New album from Lower Dens, that features a sound that maintains the cold distance of their earlier work whilst also somehow feeling warmer. Single ‘To Die In L.A.’ sets the tone with a beautiful melody and arrangements sweeping around Jana Hunter’s gorgeously stark voice. Escape From Evil is released by Ribbon Music.
CD £9.99 RBN041CD
Digipak CD on Ribbon Music.
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LP £15.99 RBN041LP
LP on Ribbon Music.
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After listening to Lower Dens’ 2010 debut Twin Hand Movement and its 2012 follow-up Nootropics, the Baltimore 4-piece’s latest offering Escape From Evil sounds comparatively jovial. Here, lead songwriter and guitarist, Jana Hunter, marries her reverence for pop with despondent, underlining themes of depressions, longing and love. The results of which are a pleasantly confusing hybrid of lyrical gloom and cheery use of polished 1980's pop.
It’s this contrast that makes Escape From Evil a truly captivating listen; these dark subject matters combined with more chipper soundscapes aren’t exactly anything new, but Hunter’s rich, alto voice resonates and brilliantly shines through shimmering synths and trembling guitar riffs. It’s a quality that stands out most here, unlike previous albums where there was more of an instrumental focus. It’s a welcomed departure, however.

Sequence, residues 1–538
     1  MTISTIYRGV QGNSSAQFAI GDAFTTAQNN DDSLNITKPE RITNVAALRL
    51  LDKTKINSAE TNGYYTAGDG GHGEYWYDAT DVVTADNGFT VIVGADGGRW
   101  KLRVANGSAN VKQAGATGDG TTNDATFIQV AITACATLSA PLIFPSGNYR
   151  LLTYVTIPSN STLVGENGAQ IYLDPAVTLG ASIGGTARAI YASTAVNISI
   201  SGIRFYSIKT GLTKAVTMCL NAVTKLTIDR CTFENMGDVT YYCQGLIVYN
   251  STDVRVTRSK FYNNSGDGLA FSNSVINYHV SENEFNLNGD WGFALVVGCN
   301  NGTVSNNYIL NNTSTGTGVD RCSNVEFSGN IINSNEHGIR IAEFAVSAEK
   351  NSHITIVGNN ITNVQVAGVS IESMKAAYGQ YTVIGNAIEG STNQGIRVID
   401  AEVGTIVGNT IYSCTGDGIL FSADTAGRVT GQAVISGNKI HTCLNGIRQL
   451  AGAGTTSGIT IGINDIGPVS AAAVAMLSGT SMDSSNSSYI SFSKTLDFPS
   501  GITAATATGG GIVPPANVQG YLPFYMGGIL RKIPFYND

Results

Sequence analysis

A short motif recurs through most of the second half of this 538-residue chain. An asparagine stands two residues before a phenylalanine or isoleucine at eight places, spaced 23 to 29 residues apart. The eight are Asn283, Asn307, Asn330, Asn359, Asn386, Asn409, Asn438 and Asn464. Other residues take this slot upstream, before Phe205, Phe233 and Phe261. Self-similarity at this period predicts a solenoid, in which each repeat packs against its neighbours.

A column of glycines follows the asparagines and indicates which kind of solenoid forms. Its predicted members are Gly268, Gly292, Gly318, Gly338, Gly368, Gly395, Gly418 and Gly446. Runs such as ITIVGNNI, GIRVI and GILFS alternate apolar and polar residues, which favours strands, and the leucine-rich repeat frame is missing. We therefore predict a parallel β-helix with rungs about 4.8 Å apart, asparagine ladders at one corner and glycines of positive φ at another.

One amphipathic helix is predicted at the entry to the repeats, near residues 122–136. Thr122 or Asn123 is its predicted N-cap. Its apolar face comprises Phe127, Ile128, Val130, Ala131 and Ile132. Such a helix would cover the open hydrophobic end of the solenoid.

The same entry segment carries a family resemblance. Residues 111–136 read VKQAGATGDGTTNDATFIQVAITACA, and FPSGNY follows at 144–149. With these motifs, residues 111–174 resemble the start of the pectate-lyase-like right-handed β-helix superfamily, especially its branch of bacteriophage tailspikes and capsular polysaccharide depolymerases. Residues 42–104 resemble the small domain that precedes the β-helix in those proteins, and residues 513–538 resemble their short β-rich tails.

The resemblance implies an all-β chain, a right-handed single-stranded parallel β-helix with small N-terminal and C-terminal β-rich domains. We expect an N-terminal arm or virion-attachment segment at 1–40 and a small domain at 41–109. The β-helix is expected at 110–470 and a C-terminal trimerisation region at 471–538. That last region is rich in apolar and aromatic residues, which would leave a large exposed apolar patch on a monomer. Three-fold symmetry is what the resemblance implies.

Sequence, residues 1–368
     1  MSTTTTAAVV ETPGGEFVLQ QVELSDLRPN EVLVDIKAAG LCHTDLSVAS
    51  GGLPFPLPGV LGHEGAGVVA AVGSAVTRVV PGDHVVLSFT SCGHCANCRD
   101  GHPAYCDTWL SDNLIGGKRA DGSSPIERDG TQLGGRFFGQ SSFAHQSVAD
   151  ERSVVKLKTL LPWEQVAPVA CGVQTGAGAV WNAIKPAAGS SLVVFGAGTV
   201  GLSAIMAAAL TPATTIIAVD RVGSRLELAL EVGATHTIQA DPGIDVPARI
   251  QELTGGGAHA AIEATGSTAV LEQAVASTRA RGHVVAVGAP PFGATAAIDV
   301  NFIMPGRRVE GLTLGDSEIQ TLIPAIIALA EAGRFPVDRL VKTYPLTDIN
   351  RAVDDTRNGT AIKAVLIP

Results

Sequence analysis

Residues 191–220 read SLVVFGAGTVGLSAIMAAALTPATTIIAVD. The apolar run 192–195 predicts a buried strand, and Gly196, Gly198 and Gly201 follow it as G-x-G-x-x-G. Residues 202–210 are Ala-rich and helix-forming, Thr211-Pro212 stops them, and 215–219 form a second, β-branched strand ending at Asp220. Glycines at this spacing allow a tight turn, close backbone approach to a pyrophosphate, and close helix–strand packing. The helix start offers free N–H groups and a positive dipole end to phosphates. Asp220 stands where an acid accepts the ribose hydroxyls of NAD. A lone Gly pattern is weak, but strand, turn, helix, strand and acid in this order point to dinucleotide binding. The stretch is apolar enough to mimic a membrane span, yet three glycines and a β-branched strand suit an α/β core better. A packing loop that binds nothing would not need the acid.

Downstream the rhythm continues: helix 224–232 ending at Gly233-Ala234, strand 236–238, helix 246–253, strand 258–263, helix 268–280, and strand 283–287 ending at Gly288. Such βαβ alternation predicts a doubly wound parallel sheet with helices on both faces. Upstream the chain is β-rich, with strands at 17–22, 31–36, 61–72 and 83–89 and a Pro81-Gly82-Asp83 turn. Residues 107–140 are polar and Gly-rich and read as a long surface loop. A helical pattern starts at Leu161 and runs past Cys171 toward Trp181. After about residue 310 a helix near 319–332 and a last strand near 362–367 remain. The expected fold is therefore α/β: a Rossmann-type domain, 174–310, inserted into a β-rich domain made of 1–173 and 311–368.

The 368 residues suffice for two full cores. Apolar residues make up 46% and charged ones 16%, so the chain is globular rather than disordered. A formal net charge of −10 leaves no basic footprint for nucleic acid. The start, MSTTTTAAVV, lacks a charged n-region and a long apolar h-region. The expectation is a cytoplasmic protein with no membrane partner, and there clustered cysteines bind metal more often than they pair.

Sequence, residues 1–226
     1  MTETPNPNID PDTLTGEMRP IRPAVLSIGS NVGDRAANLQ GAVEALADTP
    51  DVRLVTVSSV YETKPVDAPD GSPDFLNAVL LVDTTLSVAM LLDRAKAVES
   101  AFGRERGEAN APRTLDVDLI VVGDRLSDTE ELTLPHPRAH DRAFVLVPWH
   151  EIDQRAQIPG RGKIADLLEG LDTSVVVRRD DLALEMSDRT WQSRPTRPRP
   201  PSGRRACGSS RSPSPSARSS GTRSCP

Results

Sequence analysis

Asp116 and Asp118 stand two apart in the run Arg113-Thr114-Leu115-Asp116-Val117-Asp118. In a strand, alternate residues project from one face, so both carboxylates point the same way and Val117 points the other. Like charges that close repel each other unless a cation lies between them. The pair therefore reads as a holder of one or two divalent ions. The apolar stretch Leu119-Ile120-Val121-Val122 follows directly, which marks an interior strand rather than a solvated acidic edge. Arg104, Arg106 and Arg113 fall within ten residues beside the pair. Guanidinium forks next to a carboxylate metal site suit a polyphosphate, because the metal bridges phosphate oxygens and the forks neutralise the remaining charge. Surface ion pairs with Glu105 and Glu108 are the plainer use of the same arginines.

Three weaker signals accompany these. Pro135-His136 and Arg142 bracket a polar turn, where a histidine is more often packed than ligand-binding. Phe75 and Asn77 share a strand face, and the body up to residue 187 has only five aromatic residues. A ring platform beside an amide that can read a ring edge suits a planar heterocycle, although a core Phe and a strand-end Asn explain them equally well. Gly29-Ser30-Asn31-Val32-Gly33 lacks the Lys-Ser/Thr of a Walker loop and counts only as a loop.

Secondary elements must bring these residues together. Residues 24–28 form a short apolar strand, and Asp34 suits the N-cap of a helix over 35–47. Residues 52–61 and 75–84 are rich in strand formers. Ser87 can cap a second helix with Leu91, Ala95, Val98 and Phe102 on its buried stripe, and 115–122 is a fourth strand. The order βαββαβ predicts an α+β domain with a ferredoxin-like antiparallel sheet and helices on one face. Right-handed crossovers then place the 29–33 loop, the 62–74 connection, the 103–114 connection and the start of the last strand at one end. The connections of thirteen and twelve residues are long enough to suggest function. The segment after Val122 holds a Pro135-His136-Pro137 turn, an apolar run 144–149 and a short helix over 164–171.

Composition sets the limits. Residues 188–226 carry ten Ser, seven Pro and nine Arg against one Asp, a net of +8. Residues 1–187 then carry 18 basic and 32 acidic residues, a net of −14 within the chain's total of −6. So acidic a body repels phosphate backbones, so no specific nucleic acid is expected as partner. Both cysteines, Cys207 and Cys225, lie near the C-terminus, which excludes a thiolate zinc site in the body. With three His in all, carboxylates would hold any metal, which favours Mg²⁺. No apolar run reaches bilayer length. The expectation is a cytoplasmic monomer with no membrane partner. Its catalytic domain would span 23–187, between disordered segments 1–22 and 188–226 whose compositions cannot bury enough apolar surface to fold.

Hunter’s vocals often share an eerie likeness with Annie Lennox’s, while the soft, electronic explorations are sometimes reminiscent of Beach House’s combination of woozy atmospherics and distinct vocals. Where this album prevails less, however, is in its polished production and unchanging quality. A lot of the songs here flow at a similar pace and, ultimately, sound very similar to one another. The dark idiosyncrasies of the band’s debut are slightly eschewed here in favour of something more FM friendly, and in doing so, they’ve made some of their most accessible music to date. Still, there are enough tricks here to warrant repeated listens, and it’s certainly worthy of your time.
Escape From Evil is cohesive and well-wrought but, essentially, a little too same-y at times. It might verge on too slick for my tastes, but there’s no doubt that Escape From Evil’s glacial sheen will enamour fans of the band’s previous work.
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